But wait! Now your mom has posted a picture of said "arrangement" on your facebook profile, thanking you for your lovely thoughtfulness or thoughtful loveliness or whatever...and the arrangement in question, the one you picked out all special-like for your one and only mother, the one you dropped some mad ducets on....is a potted plant. That's it. Just a potted plant, and not even a terribly impressive one at that. But where are the blooms FTD.com so loftily promised? And the description said they'd be arranged in a nice basket. Where's the basket? There's no basket! It's bad enough that they didn't even send the arrangement you ordered...but NO BASKET? What kind of sick, twisted bastards are you, FTD.com?
Well, if you're me, you spend a half hour complaining and calling FTD.com a few choice, x-rated epithets (I like to throw in a few farm animals, too, just for color), and then you pick up your phone and call customer service.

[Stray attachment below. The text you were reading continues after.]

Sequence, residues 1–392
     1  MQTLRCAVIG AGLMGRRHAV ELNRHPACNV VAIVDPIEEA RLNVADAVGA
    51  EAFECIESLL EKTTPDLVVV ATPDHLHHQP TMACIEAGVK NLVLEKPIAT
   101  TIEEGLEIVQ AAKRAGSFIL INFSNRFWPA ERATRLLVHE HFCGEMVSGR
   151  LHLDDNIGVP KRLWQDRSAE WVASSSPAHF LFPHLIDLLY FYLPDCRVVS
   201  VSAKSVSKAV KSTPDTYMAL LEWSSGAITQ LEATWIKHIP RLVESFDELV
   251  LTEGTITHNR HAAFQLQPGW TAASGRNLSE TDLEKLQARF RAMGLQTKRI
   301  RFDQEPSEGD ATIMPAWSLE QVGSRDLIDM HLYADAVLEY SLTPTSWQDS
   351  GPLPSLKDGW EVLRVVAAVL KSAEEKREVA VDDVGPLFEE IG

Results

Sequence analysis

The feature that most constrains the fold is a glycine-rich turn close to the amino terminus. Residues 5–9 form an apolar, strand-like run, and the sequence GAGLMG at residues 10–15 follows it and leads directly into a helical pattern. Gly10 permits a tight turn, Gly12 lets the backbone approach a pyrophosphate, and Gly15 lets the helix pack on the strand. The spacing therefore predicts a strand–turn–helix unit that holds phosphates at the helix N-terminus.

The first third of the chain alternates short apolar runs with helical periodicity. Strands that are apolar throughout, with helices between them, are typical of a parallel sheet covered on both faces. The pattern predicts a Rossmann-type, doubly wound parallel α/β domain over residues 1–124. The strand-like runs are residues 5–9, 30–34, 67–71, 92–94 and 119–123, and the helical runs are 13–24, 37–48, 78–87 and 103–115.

I have a long and checkered history of calling customer service lines. Usually, I have to do this because I'm behind on a payment and I have to sweet-talk my way out of a late fee. I'm a pro at that. Don't judge. It's called survival, Richie Rich. Anyway, occasionally I will have to call customer service if I simply have a question. "Hi, Bertha. I have a question about your fine product, Crest Toothpaste, Regular flavor. What exactly are you basing the description 'regular' on? 'Regular' as opposed to 'irregular', or 'unusual', or perhaps 'intermittent', depending on your definition of 'regular'?" And then Bertha and I have a good laugh and I say, "thanks again, Bertha! Same time next month?"